The third story, co-written and directed by Neeraj Ghaywan, is very well made.  It’s groundbreaking in many respects, centering a woman character who is working class, queer, and Dalit, and whose story has been written and directed by Ghaywan, a Dalit filmmaker, and portrayed by an A-list star (albeit not a Dalit one: Konkona Sen Sharma). I read and watched some interviews of Neeraj Ghaywan, and it’s super cool that he thought to bring in a diverse team to weigh in on matters that he couldn’t relate to in his lived experience; and he asked his actors to do homework, such as having Konkona read Yashica Dutt’s “Coming Out As Dalit.” The great care and thought put into this project really shows—it packs a punch through its understatement.

The fourth story about a mother (played by the expressive Shefali Shah) struggling with her daughter’s hearing loss and her husband’s seeming denial of this event is also heart-wrenching and worth a watch.

The Haunting of Bly Manor and The Haunting of Hill House

He said, regarding both: Genuinely creepy! While they aren’t related in story, both series share some of the same cast members and ominous essence, which makes them kind of like American Horror Story in that way. There are jump scares and ghosts, but the real bite comes from the perpetual sense of dread. Definitely a slow burn, but worth the wait. After a few episodes, both shows open up a good deal of character development and storytelling. Think of them as well-crafted, but very long ghost stories.

She said, regarding The Haunting of Bly Manor: This series is haunting, trippy, and tragic at once.  In the first episode, at a pre-wedding celebration, an older lady starts telling the group this series-length suspenseful story set in the 1980s about two orphaned children, their diverse caretakers, and various disturbing encounters at some Bly Manor in England.  Grief and loss are at the core of the horror; the events and haunts are personal and psychological as well as supernatural. It’s a decently chilling and thoughtful series, and it got me interested in checking out its predecessor series with much of the same cast, The Haunting of Hill House.

She said, regarding The Haunting of Hill House: As mentioned in my blurb on The Haunting of Bly Manor, this series has much overlap in cast, and is also a horror-drama (horma?), but the characters and story are different.  This story is about a family of two parents and five kids who briefly live in a haunted house in Massachusetts, the effects of which are long-lasting on everyone in the family.  The ghosts and the protective (or not) walls are sometimes literal and other times metaphorical, and the storytelling hops around through different characters’ perspectives—kind of like a spooky This Is Us.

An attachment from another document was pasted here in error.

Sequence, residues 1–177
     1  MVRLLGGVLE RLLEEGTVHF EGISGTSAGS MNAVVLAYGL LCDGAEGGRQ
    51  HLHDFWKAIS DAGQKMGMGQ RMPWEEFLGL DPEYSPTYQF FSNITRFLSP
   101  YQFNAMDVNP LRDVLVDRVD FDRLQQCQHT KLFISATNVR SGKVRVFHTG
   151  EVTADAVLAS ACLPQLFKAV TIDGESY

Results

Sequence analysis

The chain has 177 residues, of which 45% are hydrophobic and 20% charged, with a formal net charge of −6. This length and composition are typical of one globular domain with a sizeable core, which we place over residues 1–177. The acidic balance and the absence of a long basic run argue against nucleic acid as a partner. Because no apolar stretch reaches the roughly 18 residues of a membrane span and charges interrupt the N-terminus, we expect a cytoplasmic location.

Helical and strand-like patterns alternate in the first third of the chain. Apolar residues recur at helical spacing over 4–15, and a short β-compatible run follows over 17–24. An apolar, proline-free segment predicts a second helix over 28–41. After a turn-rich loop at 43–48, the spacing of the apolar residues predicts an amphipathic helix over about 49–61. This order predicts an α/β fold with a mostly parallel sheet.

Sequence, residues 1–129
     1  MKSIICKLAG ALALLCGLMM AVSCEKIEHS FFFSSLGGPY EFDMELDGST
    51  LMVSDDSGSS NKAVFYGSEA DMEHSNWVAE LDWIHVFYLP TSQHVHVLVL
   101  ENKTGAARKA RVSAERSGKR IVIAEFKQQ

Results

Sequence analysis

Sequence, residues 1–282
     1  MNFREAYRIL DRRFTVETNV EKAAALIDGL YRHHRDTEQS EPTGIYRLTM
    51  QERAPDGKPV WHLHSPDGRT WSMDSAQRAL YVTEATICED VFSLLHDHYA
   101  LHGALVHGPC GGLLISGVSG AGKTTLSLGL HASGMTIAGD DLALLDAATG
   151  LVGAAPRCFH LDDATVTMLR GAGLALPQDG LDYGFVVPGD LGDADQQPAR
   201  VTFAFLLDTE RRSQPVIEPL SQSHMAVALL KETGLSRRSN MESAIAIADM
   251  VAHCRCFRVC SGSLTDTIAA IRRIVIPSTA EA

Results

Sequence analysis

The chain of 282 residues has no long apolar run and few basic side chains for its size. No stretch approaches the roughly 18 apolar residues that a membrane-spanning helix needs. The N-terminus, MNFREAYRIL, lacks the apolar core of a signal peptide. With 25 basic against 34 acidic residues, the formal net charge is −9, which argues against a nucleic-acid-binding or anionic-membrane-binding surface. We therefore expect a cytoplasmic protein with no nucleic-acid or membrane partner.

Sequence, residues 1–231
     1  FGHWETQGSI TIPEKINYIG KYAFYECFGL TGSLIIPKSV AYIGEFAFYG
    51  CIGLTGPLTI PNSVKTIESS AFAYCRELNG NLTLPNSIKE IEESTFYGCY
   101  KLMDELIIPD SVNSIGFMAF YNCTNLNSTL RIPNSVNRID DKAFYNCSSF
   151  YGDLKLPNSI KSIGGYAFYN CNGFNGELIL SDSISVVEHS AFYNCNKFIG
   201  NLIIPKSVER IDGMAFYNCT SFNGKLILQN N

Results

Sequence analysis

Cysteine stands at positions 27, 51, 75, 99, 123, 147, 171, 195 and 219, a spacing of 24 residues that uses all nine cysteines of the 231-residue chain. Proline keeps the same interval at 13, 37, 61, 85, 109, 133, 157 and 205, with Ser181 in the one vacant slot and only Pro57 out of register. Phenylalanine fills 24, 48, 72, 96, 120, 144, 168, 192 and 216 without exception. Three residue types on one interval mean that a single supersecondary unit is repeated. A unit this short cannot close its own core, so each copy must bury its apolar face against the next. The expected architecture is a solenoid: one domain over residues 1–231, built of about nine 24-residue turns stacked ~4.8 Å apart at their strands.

I must confess, I’m becoming weaker and weaker sauce as I age. Although both of The Haunting series were way more philosophical than spine-tingling, they left me sleepless for a few nights!

GEETS:

African Cookbook

He said: While reading Jazz People by Val Wilmer (no, not Val Kilmer), I was inspired to check out some of the artists she interviewed. One of the artists was jazz pianist and composer Randy Weston. The way he describes his style of piano playing and his new-found (at the time) love of Africa, more specifically Morocco, came through so vividly in the book, I had to check out his discography. I’ll write a proper review of the book at a later time, but can say for now it’s definitely worth the read especially because Valerie is a fantastic writer who does a great job of giving readers insight into artists’ minds and music.

One of my favorite Weston albums is African Cookbook. Something about the expressions and colors Weston and his quintet, African Rhythms, bring forth are a stellar salute to Africa. Make no mistake, this is a jazz album, but the swing is definitely African-influenced.  One can argue that most of the music we listen to today is African-influenced, but there is an undeniable African essence to the compositions. A solid and infectious listen.

My favorite song is the titular track, “African Cookbook,” a fourteen-minute groove. The players are Randy Weston (piano), Henry Texier (bass), Art Taylor (drums), Azzedin Niles Weston (percussion), Reebop Kwaku Baah (percussion).

For more of Weston’s music, check out his website. The image above is the 1972 version of the album, but some of the same songs are present in the longer 1969 version I described.

In Africa I discovered what the true purpose of a musician is. We are historians, and it is our purpose to tell the people the true story of our past, and to extend a better vision of the future —Randy Weston

She said nothing.

Fighting Invisible Enemies Book Review by Super Star Agni

The following book review originally appeared in the Fall 2020 issue of News from Native California.

In Fighting Invisible Enemies: Health and Medical Transitions Among Southern California Indians, professor and historian Clifford E. Trafzer (Wyandot) examines the gradual inclusion of Western medical practices with traditional Native medicine to combat the spread of settler-borne diseases among Indigenous communities of the Mission Indian Agency of Southern California during the late nineteenth and early twentieth centuries.